Secret History, the author tells us, has been used as a text in two different kinds of cryptography courses (a freshman-level course for non-majors and a junior-level course for people with some prior exposure to mathematics), and although there are no exercises in that book, there are lots of them available online at the author’s website. There are no exercises in Unsolved (and no indication that there will be any posted online); for that reason, and because of its general structure, it seems not to be intended as a text for a traditional course in cryptography (though it might be fun to use it as a text for an honors seminar in unsolved ciphers).

It would also, I think, make excellent supplemental reading by students or faculty members in a standard cryptography course. It is clearly and invitingly written, told from a “story-teller” perspective, and contains a great deal of intrinsically interesting material that can be used to enhance lectures. And even a person who will never take, or teach, a course in which cryptography is discussed, should find that this book is just plain fun to read.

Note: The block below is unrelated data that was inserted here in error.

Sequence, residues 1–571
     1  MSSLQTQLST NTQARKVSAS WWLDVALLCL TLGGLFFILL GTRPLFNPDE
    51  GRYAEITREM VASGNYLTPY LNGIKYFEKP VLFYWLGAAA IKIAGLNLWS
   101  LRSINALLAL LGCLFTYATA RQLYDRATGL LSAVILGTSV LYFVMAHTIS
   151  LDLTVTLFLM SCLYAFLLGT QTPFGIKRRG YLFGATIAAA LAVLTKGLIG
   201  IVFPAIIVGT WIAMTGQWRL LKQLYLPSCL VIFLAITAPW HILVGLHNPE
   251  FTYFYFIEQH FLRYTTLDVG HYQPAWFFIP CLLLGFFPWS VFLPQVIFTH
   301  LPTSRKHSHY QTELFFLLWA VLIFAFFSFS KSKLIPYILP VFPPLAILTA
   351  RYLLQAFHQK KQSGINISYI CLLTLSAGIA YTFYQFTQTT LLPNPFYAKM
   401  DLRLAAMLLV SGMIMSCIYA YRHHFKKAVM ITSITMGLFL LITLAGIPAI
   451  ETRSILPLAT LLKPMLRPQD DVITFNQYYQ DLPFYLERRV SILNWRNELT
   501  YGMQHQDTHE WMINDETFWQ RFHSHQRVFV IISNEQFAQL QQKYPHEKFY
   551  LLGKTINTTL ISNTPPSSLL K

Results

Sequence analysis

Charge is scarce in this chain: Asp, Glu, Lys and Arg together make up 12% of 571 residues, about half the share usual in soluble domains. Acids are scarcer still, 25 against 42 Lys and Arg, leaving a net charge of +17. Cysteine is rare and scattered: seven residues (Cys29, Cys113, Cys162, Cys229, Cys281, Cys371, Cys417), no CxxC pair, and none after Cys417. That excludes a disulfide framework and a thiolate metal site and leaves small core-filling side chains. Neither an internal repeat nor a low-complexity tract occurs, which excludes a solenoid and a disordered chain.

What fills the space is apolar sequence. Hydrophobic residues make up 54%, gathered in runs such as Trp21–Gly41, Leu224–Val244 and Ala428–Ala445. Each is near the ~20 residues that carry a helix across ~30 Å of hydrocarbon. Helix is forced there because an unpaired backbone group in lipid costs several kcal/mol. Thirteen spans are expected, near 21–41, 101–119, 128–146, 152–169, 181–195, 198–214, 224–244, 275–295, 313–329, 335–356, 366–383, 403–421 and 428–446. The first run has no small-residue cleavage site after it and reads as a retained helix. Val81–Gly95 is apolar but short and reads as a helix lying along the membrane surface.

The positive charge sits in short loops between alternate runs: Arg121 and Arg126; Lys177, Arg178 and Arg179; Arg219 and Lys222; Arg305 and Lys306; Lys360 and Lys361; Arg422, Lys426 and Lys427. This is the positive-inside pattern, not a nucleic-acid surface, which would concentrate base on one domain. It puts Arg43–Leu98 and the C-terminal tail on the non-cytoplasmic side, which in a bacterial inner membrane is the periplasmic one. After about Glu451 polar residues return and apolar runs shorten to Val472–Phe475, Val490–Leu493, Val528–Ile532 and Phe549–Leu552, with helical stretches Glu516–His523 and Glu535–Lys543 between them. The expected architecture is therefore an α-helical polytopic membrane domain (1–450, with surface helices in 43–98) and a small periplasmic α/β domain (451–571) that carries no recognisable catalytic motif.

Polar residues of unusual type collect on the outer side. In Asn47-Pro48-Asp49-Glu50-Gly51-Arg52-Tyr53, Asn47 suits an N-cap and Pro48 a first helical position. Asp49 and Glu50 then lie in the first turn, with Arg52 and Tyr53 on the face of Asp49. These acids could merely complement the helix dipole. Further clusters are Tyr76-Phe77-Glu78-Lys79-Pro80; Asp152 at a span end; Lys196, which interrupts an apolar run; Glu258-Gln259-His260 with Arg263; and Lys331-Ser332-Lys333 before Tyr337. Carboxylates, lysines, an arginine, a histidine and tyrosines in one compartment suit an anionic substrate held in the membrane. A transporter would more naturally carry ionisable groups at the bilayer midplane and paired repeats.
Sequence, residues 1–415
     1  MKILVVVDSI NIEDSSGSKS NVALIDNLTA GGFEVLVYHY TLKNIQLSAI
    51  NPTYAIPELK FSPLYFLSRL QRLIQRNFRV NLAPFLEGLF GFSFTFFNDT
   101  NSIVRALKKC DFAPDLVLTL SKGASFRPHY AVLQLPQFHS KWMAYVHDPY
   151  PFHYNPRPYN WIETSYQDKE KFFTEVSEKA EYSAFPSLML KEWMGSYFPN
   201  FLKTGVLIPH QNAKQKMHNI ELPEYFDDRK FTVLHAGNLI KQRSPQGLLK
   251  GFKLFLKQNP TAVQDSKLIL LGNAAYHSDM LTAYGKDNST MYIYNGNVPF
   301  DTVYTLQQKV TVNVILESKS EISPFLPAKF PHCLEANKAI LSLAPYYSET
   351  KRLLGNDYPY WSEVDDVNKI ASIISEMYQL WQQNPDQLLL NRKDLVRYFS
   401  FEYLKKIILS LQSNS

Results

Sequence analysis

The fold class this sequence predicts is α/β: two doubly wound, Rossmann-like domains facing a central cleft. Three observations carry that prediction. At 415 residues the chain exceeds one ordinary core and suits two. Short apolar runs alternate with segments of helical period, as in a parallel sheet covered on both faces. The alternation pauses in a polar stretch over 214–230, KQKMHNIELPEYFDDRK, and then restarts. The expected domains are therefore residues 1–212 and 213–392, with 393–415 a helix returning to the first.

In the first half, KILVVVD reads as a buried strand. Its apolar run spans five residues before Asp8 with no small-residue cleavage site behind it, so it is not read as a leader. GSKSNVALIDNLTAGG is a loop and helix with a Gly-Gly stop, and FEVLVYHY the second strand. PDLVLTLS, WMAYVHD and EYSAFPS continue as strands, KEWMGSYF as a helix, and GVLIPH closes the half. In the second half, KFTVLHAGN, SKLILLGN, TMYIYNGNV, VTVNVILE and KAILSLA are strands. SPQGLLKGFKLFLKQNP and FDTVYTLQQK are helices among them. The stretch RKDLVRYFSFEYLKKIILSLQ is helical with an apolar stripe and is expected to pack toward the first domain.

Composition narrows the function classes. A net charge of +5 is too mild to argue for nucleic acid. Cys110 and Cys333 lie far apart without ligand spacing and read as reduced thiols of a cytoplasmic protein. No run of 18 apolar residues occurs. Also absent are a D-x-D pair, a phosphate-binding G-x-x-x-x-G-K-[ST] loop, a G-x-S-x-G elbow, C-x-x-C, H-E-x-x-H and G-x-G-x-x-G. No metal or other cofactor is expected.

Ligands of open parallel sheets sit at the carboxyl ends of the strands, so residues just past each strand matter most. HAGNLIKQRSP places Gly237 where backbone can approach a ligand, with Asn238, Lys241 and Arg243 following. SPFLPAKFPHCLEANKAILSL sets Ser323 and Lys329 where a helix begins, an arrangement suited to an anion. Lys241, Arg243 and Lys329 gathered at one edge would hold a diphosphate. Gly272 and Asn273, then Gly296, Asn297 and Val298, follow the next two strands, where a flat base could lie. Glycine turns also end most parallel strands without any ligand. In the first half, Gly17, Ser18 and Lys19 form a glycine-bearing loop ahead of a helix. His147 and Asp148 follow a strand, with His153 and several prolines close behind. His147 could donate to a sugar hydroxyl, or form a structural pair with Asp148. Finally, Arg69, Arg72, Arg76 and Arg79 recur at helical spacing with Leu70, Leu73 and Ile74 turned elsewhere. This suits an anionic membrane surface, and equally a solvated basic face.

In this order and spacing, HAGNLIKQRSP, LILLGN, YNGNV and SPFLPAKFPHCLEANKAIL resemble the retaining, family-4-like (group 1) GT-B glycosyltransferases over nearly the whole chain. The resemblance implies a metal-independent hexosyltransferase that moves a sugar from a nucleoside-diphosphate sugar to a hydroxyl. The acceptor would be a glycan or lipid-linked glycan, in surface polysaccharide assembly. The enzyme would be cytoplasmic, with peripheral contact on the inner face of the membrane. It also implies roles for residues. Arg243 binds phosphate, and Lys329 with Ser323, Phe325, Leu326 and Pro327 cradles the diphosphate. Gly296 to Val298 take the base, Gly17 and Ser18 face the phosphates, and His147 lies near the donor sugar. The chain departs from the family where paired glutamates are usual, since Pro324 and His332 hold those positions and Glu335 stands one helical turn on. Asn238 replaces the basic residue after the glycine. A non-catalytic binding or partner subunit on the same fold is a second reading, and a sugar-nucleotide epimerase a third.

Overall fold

A few years back, I taught an undergraduate junior/level course in number theory. Naturally, I wanted to spend at least some time that semester discussing cryptography as one of the most significant and most interesting applications of number theory. Based on subsequent student comments, the cryptography component of the course was a big hit. I wish I had had this book on my desk when I taught that course; the students would, I think, have enjoyed the lectures even more.

Mark Hunacek ( teaches mathematics at Iowa State University. 

Preface ix
Acknowledgments xi
1 A King’s Quest 1
2 Ancient Ciphers 89
3 Dorabella 127
4 Zodiac 155
5 More Killer Ciphers 195
6 From the Victims 245
7 From Beyond the Grave? 316
8 A Challenge Cipher 347
9 More Challenge Ciphers 372
10 Long Ciphers 470
11 ET and RSA 495
Notes 531
References and Further Reading 557
Photo and Illustration Credits 599
Index 607